School Leaders Are Burning the Candle at Both Ends

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By now, students and educators alike have settled into the rhythm of school life. Relationships have been re-established, new ones have been formed, and teaching and learning are well underway. Although the end of the school year seems far away, a single thought may begin to weigh on school leaders: How many teachers will stay?

EDUCATOR BURNOUT IS AMONG THE MOST PRESSING ISSUES THAT WE, AS SCHOOL PROFESSIONALS, FACE.

Educator burnout is among the most pressing issues that we, as school professionals, face. A recent article in USA Today describes how educators and school leaders across the country are feeling increasingly exhausted in the wake of the pandemic. As a result, some schools are experiencing staffing shortages and are having to cancel classes or return to remote learning. A new National Association of Secondary School Principals (NASSP) survey confirms just how tough the job of school leader has become. Of a nationally representative sample, 79% say they have been working harder than ever; 73% say they have been working longer hours than ever; 28% say they definitely plan to leave the principalship as soon as they can; and only 35% report not receiving threats.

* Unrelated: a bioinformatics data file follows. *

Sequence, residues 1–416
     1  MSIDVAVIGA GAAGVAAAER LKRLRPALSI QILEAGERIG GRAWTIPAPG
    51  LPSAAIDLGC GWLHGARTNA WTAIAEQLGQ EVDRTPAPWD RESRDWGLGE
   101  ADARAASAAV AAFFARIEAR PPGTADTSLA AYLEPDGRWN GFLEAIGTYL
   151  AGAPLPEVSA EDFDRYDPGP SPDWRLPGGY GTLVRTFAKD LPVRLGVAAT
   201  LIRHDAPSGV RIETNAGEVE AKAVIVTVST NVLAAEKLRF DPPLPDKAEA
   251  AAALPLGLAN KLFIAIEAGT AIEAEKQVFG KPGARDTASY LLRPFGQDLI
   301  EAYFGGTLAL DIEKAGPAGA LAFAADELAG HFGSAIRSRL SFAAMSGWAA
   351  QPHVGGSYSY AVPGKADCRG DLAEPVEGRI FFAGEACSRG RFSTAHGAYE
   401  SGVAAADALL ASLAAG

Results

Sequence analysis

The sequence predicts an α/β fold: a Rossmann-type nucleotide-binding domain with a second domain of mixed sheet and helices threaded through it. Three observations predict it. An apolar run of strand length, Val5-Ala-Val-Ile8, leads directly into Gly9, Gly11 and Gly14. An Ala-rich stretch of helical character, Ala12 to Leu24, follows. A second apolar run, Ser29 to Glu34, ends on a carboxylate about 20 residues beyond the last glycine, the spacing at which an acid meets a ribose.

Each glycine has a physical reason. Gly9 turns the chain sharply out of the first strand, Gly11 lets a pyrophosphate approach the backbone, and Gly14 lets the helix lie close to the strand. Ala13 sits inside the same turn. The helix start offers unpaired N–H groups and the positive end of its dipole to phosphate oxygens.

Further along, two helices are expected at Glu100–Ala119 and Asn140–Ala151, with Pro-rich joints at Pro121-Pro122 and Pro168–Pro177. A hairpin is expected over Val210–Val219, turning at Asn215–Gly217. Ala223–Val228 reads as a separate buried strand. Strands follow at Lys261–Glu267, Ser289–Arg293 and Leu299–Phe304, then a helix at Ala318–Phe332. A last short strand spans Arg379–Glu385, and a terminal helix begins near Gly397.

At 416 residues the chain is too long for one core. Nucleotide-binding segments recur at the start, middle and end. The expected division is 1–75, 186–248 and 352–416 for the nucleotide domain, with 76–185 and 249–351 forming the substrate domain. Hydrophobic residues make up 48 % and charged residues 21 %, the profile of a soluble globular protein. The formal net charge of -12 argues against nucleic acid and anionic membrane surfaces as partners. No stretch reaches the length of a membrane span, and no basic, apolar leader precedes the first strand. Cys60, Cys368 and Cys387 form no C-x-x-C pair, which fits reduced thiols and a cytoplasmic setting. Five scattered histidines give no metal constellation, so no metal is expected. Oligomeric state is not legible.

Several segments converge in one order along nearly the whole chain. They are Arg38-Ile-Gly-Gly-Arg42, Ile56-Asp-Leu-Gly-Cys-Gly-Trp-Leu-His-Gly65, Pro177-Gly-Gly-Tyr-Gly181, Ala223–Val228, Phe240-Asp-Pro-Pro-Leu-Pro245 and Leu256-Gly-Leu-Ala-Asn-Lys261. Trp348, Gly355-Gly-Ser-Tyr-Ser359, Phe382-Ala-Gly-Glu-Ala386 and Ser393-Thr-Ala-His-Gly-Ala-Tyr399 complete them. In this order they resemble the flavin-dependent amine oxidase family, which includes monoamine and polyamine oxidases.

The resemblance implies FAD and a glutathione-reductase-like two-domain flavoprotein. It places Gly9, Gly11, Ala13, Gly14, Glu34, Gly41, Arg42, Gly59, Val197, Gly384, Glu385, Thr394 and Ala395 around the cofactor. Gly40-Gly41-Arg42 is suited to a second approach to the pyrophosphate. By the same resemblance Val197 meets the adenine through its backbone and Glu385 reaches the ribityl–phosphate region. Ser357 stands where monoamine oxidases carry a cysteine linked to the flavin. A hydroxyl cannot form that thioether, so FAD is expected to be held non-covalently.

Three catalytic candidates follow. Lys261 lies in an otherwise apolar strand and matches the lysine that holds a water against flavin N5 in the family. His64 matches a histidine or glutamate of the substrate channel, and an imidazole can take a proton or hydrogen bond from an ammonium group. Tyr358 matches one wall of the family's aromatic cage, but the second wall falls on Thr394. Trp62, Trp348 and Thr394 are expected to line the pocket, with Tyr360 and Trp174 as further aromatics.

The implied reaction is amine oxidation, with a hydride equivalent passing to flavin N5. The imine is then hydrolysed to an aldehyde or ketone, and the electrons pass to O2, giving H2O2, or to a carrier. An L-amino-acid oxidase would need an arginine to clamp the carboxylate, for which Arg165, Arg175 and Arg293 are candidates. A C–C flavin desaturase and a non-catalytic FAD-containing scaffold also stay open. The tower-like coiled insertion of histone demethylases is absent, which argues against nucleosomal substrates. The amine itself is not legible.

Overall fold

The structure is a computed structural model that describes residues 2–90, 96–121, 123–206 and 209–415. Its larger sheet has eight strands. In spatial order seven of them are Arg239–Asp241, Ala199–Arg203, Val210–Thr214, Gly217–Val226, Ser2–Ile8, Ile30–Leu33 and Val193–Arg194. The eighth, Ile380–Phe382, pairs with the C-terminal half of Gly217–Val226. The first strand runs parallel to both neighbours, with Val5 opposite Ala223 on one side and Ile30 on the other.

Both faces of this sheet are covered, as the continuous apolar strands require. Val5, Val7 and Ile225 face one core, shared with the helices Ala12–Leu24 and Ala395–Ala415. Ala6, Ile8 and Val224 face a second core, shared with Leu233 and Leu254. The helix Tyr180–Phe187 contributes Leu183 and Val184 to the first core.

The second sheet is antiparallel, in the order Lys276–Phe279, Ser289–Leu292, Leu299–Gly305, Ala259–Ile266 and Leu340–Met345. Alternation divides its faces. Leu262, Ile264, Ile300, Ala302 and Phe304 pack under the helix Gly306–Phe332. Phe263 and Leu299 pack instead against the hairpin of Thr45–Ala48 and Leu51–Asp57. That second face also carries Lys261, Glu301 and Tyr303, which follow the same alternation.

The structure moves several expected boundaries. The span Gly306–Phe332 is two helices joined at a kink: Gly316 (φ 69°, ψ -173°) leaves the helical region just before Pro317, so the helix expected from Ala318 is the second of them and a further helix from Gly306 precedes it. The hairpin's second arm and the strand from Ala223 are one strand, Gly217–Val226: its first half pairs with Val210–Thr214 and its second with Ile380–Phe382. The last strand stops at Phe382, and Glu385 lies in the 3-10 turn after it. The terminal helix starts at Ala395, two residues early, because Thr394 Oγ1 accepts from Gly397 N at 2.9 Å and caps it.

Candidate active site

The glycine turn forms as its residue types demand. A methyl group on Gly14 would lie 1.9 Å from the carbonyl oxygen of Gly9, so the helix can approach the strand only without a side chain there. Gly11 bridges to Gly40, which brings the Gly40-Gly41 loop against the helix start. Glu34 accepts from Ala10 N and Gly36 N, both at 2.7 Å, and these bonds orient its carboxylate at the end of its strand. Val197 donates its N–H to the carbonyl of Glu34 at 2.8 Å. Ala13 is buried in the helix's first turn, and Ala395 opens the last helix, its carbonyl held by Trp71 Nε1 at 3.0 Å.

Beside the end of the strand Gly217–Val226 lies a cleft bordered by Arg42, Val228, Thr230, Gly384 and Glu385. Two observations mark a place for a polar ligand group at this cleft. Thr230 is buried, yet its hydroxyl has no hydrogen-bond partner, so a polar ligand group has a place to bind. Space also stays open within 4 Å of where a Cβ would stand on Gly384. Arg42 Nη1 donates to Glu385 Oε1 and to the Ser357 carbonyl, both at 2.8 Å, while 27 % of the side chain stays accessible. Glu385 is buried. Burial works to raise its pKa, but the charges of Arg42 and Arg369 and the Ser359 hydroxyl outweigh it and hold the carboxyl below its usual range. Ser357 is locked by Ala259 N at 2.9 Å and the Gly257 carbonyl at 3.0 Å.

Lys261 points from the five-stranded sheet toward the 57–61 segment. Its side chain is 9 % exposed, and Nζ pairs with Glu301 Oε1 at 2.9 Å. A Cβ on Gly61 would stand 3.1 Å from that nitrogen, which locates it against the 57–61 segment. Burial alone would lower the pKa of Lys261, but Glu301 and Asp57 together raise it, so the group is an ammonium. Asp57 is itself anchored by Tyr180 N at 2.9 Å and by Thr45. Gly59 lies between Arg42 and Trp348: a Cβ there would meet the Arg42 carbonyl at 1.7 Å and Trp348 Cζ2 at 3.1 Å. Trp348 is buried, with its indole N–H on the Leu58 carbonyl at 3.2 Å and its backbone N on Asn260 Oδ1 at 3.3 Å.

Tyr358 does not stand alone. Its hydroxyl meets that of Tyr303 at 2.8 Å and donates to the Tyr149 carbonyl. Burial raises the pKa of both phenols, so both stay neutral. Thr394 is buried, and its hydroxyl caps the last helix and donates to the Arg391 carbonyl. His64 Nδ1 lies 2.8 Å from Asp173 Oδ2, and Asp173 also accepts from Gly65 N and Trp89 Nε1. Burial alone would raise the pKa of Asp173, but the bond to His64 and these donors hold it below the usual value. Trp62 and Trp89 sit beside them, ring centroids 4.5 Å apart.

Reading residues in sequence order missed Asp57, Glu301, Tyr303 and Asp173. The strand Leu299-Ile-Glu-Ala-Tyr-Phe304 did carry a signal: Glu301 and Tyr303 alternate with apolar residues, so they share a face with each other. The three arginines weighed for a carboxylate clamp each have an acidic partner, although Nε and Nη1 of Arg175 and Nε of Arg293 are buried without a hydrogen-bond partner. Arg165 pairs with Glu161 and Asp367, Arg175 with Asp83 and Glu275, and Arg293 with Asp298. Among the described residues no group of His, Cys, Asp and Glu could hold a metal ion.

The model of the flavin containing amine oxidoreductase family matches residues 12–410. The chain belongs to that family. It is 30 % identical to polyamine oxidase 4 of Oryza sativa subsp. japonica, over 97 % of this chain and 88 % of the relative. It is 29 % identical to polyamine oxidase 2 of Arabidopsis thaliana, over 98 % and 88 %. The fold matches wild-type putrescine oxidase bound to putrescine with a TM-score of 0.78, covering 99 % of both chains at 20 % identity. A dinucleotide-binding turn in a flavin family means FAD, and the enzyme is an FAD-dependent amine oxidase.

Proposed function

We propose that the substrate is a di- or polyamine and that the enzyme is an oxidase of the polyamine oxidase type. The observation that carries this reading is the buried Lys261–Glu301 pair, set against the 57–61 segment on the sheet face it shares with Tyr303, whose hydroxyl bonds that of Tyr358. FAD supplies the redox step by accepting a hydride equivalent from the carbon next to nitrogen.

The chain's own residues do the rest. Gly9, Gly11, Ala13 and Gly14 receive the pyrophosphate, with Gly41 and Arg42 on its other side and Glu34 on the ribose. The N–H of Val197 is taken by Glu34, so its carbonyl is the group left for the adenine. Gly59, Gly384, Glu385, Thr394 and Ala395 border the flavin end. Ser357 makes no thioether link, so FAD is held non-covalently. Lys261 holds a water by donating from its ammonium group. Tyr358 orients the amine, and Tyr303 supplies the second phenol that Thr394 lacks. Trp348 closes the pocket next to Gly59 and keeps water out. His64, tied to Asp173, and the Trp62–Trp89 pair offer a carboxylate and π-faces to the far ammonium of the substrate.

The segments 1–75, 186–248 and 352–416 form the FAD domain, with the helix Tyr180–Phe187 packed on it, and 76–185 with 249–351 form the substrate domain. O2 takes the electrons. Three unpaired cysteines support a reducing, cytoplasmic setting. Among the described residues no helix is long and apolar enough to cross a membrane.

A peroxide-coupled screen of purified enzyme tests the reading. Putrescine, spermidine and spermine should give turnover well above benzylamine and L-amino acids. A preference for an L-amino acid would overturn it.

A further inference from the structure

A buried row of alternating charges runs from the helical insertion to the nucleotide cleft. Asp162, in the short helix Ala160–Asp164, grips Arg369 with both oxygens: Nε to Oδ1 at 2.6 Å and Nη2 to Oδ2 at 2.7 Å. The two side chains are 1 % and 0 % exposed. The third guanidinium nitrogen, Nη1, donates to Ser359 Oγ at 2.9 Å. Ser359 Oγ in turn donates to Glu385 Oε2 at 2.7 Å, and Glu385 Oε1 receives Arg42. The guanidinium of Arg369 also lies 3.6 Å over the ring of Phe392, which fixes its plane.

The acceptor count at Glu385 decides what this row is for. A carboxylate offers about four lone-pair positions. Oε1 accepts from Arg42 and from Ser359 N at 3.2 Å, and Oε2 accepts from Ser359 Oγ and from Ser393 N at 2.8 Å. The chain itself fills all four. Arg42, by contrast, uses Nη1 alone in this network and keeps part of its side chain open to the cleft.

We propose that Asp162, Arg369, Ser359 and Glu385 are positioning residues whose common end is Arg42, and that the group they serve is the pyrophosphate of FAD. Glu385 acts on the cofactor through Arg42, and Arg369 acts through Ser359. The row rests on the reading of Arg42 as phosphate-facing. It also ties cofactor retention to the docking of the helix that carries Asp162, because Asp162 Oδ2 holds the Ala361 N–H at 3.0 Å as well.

Research shows that high teacher turnover—often referred to as “churn”—reduces student achievement and cuts into precious time and resources. A report from the Learning Policy Institute (LPI) finds that, on average, urban districts can spend $20,000 on each new hire when it comes to separation, recruitment, hiring, and training. It’s an investment that brings little return if teachers leave after one or two years in the classroom.

TEACHER SHORTAGES WILL INEVITABLY LEAD TO SCHOOL LEADER SHORTAGES.

Teacher shortages will inevitably lead to school leader shortages. Now more than ever, principals and assistant principals are burning the candle at both ends, and their work is not sustainable. We have long known what school leaders need to do their jobs: more counselors, more social services, more of their voice in decision-making, more funding, and ultimately more respect. Funding that our members helped to advocate for—like the American Rescue Plan—is an excellent start, but it should be a permanent part of the education landscape—not something that educators must fight for year after year.

If we don’t provide educators more support, school leaders will walk away from the schools and communities they have ably served. I am committed, as is NASSP, to leading forward so that educators get the resources necessary to ensure that they, and their schools, succeed. Leading forward requires collaboration and support, and so does strengthening the school leader pipeline. After all, our work is incredibly rewarding but unbelievably challenging and impossible to do well alone.

This piece originally appeared with Education Post.

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